US 1154055 A
Description (OCR text may contain errors)
G. C. REEVES.
APPLICATION FILED JULY 31, |912.
Patented Sept. 21, 1915.
GEORGE C. REEVES, OF CHICAGO, ILLTN'OIS.
Specification of Letters Patent.
Taten-teu sept. ai, Taio.
Application filed July 31, 1912. Serial No. 712,464.
To afl whom t may concern.'
Be it known that T, GEORGE C. REEVES, a
' citizen of the United States of America, and
a resident of Chicago, county of Cook, and
State of Illinois, have invented certain new and useful Improvements in Force-Cups, of which the following is a specification.
The main objects of this invention are to provide an improved form of force cup such as is used by plumbers for forcing obstructions through and from pipes; to increase the efiiciency of cupsof this kind and provide for accomplishing the desired results with the use of less material than is employed in the cups now in ordinary use; to increase the bending strength of the cup in a directionradially of the cup; and to permit greater circumferential elasticity of the cup with the same bending strength in a radial direction, than is permitted in other force cups now in common use.
An illustrative embodiment of this invention is shown in the accompanying drawings, in which Figure 1 is a bottom view of a fdrce cup constructed according to this invention. Fig. 2'is a vertical section of the device taken on the line A-A of Fig. 1.
In the construction shown in the drawings, the force cup comprises a concave elastic body 1 having its inner surface provided with the downwardly extending ribs 2 which are preferably uniformly spaced apart and are/preferably tapered at their lower ends 3 so as to terminate a considerable distance upward or inward of the rim or edge 4 of said concave body. This rim is preferably provided with an annular ridge or thickening 5. The body is provided with an upper tubular extension 6,y
the inner surface 7 of which is adapted to engage a handle in the usual way. In the specific form of cup shown in the drawings, which is known as a valve cup,'the extension or neck 6 is separated from the inner concave surface of the body by means of a wall 8. This wall is provided with the usual extension 9 through which a cut or slot 10 is v formed which connects the inner part of the extension 6 with the inner or body 1.
The inner part of the extension 6 is formed with a depression 11 into which the cut or slot 10 extends. In the construction shown part of the cup Yin the drawings the wall 8 is thickened at l2 below the depression 11. The cut or slot 10 and walls thereof form the usual air valve` used in devices of this kind. This cut or slot is exaggerated in size in Fig. 1. The walls of this slot normally lie close together.
, When pressure is exerted downwardly on the extension 6, and the lower edge 4L of the cup bears against a surface with which it may have an air-tight contact, the air pressure within the cup closes the valve in the usual way. When the downward pressure on the extension 6lis released the cup resumes its normal form, and the air is sucked into the cup through the depression 1l and the slot 10 in the valve in the usual way. When thus operating the device a downward pressure is exerted on the extension 6, the air pressure within the cup 1 tends to bulge the walls of the cupv outward in the direction indicated by the dotted lines 13` y shown in Fig. 2.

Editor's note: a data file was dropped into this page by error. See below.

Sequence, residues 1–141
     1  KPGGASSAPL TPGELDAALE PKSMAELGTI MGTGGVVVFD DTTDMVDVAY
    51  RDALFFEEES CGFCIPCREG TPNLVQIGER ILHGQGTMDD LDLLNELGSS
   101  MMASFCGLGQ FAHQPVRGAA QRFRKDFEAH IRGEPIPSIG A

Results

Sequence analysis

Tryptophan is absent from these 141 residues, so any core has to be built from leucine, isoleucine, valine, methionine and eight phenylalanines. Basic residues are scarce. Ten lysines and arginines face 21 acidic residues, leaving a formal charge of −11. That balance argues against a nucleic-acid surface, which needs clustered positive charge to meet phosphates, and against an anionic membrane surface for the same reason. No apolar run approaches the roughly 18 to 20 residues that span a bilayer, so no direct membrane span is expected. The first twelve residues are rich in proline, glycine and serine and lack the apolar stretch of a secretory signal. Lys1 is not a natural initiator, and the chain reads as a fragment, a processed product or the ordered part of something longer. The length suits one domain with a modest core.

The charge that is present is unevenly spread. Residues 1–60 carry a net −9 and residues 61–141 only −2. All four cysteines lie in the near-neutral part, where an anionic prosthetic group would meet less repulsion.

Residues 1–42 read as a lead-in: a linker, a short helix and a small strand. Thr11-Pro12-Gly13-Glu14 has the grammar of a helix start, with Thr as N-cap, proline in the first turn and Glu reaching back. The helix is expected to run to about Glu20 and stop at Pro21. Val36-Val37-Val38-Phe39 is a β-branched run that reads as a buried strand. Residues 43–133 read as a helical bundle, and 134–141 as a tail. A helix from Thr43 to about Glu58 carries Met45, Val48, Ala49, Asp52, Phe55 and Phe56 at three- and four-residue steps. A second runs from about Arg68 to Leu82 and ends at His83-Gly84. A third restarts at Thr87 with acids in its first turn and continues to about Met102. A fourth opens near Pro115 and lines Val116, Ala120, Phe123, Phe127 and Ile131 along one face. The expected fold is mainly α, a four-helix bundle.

The` invention also applies to the type of cup in which there 1s no opening between the inner part of the body 1, and the upper parts of the device.
The ribs 2 strengthen the cup against bending outwardly or ina radial direction, but the parts 14 of the wall of the cup in the spaces lbetween the ribs permit this wall to stretch in a circumferential direction oro laterally of the ribs.v These ribs stiflen and strengthen the walls of the cup when bending in a direction radially of the cup, while they do not materially interfere with theV circumferential stretch of said walls.
The annular ridge or thickening 5 at the rim of the cup strengthens the lower edge so that the circumferential stretch is mainly above said rim, as is common'in ldevices of this kind.
The wall of the cup is preferably made thinnest at 15, being the part between the` ridge or thickening. 5. and the lower ends of the ribs 2. The device may be made entirely of vulcanized rubber.
Although but one specific embodiment of thisjginvention has been herein shown and described, it will be understood that some of the details of the construction shown lniay be altered or omitted without. departing body and terminating short of said rim, and from the spirit of this invention as defined that portionof the body between the ribs by the following claim. v being thicker than the part below said ribs. I claim: Signed at Chicago this 26th day of July 5 A, force cup of the class described, com- 1912. prising a concaveelastic body, and a plurality of ribs extending downwardly along the inner concave surface of said body and Witnesses: .spaced uniformly apart, said ribs being ta- R. RUMMLER, 10 pered toward the edge or -rim of the concave I EDWIN PHELPs;
GEORGE C. REEVES.